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Parker 45 Aerometric

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8 replies to this topic

#1 outtolunchatty

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Posted 15 November 2017 - 02:19

Hi to all,,,is it possible to remove a parker 45 aerometric filller and use a cartridge istead? thanks bob



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#2 bsenn

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Posted 15 November 2017 - 02:52

Yes, it's not really an aerometric filler, it's a converter. 45's can use a converter (any Parker converter including squeeze, slide, or screw) or cartridges. Just pull the converter straight off the section.

One test is worth a thousand expert opinions.


#3 Mr.Rene

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Posted 15 November 2017 - 03:04

In fact Parker 45 was first cartridge and converter filler fountain pen marketed a big scale by Parker Pen Co.

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#4 inkstainedruth

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Posted 15 November 2017 - 03:19

I'll admit that I'd rather use the squeeze converter than the more modern style converters or cartridges in my 45s.  But I'm weird that way....  :rolleyes: 

Ruth Morrisson aka inkstainedruth


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#5 vicpen123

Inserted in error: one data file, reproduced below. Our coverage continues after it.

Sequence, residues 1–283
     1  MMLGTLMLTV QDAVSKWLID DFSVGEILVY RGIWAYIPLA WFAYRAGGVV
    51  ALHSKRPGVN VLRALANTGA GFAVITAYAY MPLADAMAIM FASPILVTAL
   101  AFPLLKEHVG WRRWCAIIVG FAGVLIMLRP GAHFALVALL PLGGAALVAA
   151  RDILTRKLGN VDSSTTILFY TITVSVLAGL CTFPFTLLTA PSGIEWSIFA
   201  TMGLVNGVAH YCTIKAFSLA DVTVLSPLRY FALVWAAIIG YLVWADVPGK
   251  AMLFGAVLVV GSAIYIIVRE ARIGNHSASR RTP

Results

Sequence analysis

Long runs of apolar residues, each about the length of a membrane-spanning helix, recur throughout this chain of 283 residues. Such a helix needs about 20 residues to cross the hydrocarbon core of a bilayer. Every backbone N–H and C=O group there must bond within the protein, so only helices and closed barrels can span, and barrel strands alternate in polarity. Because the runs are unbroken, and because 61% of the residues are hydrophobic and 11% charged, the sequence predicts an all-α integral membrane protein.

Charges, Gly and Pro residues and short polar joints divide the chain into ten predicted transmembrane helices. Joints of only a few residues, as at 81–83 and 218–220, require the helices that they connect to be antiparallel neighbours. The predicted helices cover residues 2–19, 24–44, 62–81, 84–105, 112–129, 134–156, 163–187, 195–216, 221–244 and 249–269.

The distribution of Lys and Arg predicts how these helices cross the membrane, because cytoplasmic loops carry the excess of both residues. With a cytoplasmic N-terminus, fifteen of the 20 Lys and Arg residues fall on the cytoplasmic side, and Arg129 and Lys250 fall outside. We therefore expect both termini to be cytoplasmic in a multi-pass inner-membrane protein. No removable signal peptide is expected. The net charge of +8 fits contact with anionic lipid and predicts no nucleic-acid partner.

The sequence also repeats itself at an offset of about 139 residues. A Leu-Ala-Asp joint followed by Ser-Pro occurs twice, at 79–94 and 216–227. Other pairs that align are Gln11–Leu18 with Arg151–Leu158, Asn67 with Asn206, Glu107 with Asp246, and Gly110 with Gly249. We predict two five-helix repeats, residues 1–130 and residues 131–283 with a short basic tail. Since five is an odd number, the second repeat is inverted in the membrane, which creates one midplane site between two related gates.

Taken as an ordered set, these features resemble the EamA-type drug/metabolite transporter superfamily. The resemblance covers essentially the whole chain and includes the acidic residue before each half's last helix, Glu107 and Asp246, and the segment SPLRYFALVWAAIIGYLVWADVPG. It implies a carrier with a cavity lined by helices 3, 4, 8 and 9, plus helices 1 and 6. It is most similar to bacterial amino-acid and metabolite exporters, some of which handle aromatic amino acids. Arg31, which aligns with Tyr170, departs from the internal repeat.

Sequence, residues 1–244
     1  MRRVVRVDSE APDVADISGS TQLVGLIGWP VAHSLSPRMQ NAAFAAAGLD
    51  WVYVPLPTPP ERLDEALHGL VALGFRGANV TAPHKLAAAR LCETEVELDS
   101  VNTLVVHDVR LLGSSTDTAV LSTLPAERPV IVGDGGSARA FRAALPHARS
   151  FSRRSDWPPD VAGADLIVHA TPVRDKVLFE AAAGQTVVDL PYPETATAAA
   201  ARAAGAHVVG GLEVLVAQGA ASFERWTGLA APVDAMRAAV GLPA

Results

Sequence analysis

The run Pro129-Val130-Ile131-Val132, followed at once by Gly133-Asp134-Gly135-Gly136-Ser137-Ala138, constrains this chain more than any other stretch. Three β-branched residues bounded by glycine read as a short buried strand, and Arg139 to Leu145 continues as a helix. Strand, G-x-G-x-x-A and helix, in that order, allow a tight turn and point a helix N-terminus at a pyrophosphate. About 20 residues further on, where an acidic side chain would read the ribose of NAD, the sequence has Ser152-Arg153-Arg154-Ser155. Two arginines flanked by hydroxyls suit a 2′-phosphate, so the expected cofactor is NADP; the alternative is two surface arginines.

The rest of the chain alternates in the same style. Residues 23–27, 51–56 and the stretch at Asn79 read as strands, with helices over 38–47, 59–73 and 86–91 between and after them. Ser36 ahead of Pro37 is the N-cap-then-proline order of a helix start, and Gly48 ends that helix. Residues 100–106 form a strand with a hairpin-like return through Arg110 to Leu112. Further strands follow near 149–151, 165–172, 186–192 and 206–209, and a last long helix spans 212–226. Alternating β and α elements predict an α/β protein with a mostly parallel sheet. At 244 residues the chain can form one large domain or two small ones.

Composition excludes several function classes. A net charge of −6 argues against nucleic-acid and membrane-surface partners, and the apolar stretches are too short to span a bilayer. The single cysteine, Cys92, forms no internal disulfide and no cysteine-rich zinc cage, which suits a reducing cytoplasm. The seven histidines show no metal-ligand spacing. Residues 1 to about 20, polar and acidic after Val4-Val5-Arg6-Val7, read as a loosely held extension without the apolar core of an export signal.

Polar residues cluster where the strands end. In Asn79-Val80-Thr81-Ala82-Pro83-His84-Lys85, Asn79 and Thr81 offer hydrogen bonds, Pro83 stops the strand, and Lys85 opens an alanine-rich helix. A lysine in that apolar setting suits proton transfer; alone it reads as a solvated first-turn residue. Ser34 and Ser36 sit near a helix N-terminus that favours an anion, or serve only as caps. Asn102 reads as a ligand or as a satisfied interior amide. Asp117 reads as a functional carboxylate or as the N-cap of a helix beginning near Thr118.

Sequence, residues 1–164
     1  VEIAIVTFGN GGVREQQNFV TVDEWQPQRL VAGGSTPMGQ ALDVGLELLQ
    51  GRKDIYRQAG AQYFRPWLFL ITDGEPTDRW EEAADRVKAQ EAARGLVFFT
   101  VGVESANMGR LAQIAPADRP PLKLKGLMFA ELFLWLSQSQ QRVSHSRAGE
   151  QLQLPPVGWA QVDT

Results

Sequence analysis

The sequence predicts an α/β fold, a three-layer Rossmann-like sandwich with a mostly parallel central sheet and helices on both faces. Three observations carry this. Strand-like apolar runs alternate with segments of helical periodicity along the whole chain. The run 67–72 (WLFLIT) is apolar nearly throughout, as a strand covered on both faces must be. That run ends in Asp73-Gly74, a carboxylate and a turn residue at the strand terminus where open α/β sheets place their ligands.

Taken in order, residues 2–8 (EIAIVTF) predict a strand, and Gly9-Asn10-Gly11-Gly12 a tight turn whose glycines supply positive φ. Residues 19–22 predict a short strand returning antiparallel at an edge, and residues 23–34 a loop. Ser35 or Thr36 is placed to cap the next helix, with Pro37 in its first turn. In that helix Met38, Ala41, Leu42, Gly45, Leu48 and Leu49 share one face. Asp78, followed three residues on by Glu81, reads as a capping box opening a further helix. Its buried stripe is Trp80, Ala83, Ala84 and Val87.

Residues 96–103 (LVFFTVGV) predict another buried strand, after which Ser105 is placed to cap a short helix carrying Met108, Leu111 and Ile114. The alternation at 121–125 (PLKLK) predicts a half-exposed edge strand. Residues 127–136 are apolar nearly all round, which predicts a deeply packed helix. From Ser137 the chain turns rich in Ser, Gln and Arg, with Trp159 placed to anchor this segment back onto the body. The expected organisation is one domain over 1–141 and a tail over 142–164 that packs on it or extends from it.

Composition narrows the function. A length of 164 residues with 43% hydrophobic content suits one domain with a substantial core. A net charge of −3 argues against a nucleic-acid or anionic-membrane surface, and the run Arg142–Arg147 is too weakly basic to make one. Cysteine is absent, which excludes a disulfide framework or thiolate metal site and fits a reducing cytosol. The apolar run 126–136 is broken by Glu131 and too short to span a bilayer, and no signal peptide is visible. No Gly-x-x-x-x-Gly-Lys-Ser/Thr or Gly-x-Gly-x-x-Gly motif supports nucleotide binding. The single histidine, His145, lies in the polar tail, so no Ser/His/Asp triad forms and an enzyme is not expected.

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Posted 15 November 2017 - 03:54

What a pen. Not only does the design allow for rapid and easy nib changes and simple disassembly of the feed and the nib for cleaning, but also has four filling and ink storage options - squeeze, slide or screw converters and cartridge. And all of them work admirably well. The Parker 75 and Sonnet have similar flexibility.

 

I wonder if there are any other manufacturers' fountain pens offer such flexibility.



#6 OCArt

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Posted 15 November 2017 - 04:22

+1 The Parker 65 has the same features and is another great pen.

What a pen. Not only does the design allow for rapid and easy nib changes and simple disassembly of the feed and the nib for cleaning, but also has four filling and ink storage options - squeeze, slide or screw converters and cartridge. And all of them work admirably well. The Parker 75 and Sonnet have similar flexibility.

 

I wonder if there are any other manufacturers' fountain pens offer such flexibility.


Edited by OCArt, 15 November 2017 - 04:22.


#7 pajaro

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Posted 15 November 2017 - 04:26

I find these pens to work better with a cartridge.  Ditto the 75 and the Sonnet.  These pens might be versatile, but the 51 still works better, even with its old design


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#8 PaulS

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Posted 15 November 2017 - 09:12

As already commented, the name derives apparently from the fact that it was designed specifically for a 'cartridge' - the inspiration being the famous handgun and its cartridge.



#9 PAKMAN

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Posted 15 November 2017 - 17:09

Gotta love the 45 for a great reliable pen! Love my Flighter version!


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